Culture Shock


We’ve been back for three days, but sometimes, Italy seems like it never happened.  It’s like a book we read or a dream we had.  Time feels distorted.  I feel disconnected.  It’s as if half of me missed the connecting flight.  Sometimes I can picture the windows overlooking Via Mazzini or the green tiles in the bathroom or the handle on the refrigerator door; it’s all so vivid. I am there.  But it disappears quickly when I open my eyes.  Then there are phantom sounds.  Yesterday, I thought I heard an Italian police siren in the distance.  This morning I thought far-off church bells were ringing.  But usually, it’s just very, very quiet here.

A friend pointed out that culture shock is more acute when one returns home after a long trip.  I think I understand.  When we left for Italy, everything was disorienting and different.  We expected it, and the adjustment came gradually and unnoticed because our brains knew they had to learn how to function in new surroundings.  Then, when we came back to our old home, the familiarity registered instantly and subconsciously; these past few days, I defer to rote movements when turning on the kitchen burners or unlocking the door.  However, these little tasks can surprise me.  My hands are used to pushing the knobs of the stovetop before turning.  When that doesn’t work, I need a moment to catch up and make sense of it all.  My brain says “home” but my muscle memory says a different home.  And in that moment, the colors of our Perugia apartment surround me.  And my heart dips as I realize again that we are no longer there.  I’m surprised when the clerk bags my groceries for me or when pencils have erasers or when there is no hard  mineral residue in my pot of boiling water.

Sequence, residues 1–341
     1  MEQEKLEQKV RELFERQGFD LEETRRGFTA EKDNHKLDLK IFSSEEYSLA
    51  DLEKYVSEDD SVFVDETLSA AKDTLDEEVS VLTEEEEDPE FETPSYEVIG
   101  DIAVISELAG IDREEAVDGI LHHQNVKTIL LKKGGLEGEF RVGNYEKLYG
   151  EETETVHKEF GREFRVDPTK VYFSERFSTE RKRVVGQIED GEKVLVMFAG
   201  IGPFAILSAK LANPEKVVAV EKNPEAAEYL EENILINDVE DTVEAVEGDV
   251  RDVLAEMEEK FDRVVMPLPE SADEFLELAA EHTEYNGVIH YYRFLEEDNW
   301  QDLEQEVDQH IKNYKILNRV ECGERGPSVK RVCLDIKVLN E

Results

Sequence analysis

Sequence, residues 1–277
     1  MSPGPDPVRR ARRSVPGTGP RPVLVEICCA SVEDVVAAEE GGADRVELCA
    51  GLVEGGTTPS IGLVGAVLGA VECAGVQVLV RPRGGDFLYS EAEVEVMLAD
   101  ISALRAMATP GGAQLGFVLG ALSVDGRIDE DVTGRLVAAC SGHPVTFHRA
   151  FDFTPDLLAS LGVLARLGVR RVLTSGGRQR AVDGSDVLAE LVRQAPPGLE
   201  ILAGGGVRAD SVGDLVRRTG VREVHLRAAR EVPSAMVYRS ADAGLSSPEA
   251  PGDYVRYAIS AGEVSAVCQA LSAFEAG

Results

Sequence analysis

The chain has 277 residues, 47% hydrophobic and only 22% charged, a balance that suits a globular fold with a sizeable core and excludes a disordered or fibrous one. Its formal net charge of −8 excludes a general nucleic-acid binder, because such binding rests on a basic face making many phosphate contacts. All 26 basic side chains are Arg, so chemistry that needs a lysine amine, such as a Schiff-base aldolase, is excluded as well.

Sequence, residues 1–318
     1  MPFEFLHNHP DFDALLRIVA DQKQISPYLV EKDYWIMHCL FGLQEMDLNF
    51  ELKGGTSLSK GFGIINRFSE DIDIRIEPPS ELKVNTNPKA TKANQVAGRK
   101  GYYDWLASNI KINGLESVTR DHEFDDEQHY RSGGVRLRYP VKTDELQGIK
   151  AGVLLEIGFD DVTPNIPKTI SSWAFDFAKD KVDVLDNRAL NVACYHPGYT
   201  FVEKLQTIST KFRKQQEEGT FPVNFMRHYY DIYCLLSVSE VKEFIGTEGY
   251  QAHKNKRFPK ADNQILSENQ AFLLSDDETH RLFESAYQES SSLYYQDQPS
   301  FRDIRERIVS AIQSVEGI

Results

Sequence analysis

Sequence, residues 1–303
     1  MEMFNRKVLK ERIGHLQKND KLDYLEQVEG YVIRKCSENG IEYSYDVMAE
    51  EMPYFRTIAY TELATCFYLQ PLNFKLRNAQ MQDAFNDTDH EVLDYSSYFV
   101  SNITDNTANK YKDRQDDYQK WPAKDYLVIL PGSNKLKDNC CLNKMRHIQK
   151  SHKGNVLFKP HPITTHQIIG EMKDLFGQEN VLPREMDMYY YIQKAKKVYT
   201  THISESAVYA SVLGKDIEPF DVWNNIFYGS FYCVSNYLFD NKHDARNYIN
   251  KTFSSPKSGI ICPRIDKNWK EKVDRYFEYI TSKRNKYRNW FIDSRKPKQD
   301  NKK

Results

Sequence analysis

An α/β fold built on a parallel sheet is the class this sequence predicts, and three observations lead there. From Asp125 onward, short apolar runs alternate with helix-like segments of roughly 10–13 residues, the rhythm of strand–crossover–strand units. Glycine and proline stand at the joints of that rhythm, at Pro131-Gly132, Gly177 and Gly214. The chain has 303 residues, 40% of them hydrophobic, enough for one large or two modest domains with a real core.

I’m trying to figure out how to bridge the chasm between the two lives.  I want to make the experience of our last year part of me.  I want to stay connected and remember everything, but I don’t know how.

I had two wonderful encounters at the grocery store today.  The first was with Sara.  When I called her name, we ran into each other’s arms.  It was emotional and a little loud.  It was happy and exciting and full of disbelief that here we were together after a year.  It felt really good.  Soon after, when I was in the dairy department, I overheard an older couple looking for pecorino cheese, and they were speaking Italian.  So I quickly jumped in.  I told them I had just returned from Italy.  I asked where they were from.  We talked about Sicily and Umbria.  I helped them find the right cheese.  Then I helped them find Italian rice and Italian flour.  We kept talking and talking.  Then we made a coffee date for next Monday at 10am!  They are my new friends.  When I walked out of the store, I was feeling alive and hopeful.